TOKYO, Feb. 1 (UPI) -- Prime Minister Junichiro Koizumi has chosen Yoriko Kawaguchi, his environment minister, to become his foreign minister after his first choice, Sadako Ogata, turned him down.
Kawaguchi, 61, has extensive diplomatic and business experience, serving as minister in the Japanese Embassy in Washington, and as a managing director with Suntory Ltd., one of Japan's leading brewers and liquor manufacturers. She is single and has a master's degree in economics from Yale University in the United States.
The government announced Kawaguchi's appointment after Ogata, who is in New York, declined Koizumi's offer to replace the popular, but strong-willed Makiko Tanaka, who was fired this week.
Reports said Ogata felt she was too old, 74, for the job and wanted to spend more time with her family.
Ogata is a fellow with the Ford Foundation and serves as Koizumi's special representative on Afghan affairs. She drew praise from U.N. Secretary-General Kofi Annan and others for her successful co-chairing of the Afghan aid conference held in Tokyo last month.
Kawaguchi, who is popular with the ruling Liberal Democratic Party, something Tanaka was not, has served as Minister of the Environment since January 2001, succeeding her appointment as Minister of State and Director-General of the Environment Agency in July 2000.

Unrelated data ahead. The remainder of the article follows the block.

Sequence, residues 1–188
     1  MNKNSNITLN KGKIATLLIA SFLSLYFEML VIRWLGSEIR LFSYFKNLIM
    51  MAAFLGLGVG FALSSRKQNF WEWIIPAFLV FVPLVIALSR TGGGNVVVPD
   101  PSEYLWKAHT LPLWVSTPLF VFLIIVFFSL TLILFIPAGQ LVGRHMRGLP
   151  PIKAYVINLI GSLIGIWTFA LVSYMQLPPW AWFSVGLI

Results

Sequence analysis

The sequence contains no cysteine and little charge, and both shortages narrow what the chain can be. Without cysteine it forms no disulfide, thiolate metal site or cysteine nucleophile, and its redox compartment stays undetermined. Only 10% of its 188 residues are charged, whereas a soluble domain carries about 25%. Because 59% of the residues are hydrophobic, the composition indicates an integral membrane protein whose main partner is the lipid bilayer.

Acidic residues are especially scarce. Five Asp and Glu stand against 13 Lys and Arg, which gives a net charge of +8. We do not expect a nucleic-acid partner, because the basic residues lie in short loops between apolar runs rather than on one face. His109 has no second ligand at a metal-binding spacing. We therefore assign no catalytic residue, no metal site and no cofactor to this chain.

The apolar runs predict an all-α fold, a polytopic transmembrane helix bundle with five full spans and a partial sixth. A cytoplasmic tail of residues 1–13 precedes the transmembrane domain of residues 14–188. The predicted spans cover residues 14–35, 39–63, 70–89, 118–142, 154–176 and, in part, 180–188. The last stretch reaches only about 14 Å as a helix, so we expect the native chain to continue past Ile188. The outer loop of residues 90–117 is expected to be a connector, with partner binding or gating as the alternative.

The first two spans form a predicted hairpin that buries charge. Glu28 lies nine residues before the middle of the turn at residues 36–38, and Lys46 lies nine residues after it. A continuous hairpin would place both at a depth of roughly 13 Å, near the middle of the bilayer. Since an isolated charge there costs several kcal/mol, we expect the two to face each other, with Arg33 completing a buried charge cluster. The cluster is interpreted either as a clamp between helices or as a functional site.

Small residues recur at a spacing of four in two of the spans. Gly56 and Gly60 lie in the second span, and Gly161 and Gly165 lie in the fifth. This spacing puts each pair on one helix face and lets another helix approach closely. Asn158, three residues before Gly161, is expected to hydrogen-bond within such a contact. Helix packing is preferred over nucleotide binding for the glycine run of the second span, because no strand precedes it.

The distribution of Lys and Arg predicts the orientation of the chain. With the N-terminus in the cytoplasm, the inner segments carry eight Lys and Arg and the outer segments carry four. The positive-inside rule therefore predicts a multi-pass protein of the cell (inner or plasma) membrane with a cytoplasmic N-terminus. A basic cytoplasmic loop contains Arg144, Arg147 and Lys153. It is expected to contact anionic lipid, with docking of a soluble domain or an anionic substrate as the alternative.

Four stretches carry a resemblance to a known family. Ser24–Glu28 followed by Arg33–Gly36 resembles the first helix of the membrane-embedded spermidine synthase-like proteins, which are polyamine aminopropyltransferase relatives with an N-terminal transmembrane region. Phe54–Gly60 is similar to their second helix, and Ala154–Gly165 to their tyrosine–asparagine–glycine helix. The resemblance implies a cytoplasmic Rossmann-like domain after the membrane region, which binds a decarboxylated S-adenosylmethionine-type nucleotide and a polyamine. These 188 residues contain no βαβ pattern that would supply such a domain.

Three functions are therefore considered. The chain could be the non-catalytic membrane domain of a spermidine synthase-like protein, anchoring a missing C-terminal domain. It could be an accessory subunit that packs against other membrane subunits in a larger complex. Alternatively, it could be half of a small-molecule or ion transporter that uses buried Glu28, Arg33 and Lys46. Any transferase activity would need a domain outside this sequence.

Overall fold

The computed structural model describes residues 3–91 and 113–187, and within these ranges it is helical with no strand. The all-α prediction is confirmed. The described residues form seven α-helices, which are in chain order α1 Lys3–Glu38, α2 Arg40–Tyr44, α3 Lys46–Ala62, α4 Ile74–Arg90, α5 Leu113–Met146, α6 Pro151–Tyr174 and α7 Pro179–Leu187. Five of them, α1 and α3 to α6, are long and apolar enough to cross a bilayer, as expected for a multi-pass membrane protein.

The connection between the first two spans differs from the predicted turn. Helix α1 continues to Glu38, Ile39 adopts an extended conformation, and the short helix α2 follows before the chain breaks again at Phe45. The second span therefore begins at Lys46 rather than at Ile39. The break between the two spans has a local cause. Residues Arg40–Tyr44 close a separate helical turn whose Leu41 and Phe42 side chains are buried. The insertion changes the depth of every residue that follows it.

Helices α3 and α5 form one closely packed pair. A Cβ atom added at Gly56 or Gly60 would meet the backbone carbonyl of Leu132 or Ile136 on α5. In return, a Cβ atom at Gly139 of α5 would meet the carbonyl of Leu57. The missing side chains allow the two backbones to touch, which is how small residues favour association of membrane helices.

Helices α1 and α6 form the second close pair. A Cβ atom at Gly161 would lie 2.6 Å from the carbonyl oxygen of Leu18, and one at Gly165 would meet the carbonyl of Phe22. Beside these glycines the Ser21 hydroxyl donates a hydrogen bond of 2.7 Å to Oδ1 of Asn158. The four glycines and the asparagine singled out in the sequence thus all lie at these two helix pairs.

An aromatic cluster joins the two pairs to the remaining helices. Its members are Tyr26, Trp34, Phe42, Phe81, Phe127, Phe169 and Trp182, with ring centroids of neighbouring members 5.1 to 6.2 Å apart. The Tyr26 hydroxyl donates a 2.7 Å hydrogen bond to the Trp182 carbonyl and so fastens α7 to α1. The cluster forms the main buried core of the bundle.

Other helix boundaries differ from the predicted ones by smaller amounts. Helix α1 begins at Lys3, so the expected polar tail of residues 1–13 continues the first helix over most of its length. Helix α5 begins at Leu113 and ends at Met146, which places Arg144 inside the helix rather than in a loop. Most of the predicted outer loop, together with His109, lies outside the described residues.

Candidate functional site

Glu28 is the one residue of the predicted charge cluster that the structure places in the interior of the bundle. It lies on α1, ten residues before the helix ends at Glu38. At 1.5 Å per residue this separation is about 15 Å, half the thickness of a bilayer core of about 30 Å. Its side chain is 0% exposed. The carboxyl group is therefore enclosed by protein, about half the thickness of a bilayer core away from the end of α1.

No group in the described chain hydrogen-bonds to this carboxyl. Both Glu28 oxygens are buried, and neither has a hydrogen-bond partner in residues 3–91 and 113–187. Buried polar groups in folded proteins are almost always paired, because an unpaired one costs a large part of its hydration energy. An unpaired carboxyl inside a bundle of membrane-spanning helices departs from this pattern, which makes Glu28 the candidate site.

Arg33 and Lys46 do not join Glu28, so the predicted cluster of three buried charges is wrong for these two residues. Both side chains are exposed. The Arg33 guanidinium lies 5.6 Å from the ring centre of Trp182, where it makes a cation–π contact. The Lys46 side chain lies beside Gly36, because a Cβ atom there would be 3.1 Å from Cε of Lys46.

Aside from her cabinet position, she serves as a member of the Trilateral Commission and a special member of the Japan Association of Corporate Executives.
Prior to her appointment to the cabinet, she was a managing director of Suntory Ltd. since 1993, responsible for customer relations and environment.
At that time she was also serving on Japanese Government advisory boards, namely the Regulatory Reform Committee, the Central Council for Education, and the University Council. She was also on the board of directors of the Japan Center for International Exchange and on the advisory committee of the Center for Global Partnership of the Japan Foundation.
Before joining Suntory Ltd., she worked in the Ministry of International Trade and Industry (MITI) of the Japanese Government. Her past assignments for MITI included Director-General of the Economic Cooperation Department and Deputy Director-General for Global Environmental Affairs. She also had worked for the World Bank as an economist and for the Embassy of Japan in the United States as Minister.
She has a B.A. in International Relations from the University of Tokyo.
A Foreign Ministry spokesman said he expected Kawaguchi would be sworn in as foreign minister in time for Saturday's meeting with Russian Foreign Minister Igor Ivanov, who arrived in Tokyo on Friday for a two-day visit.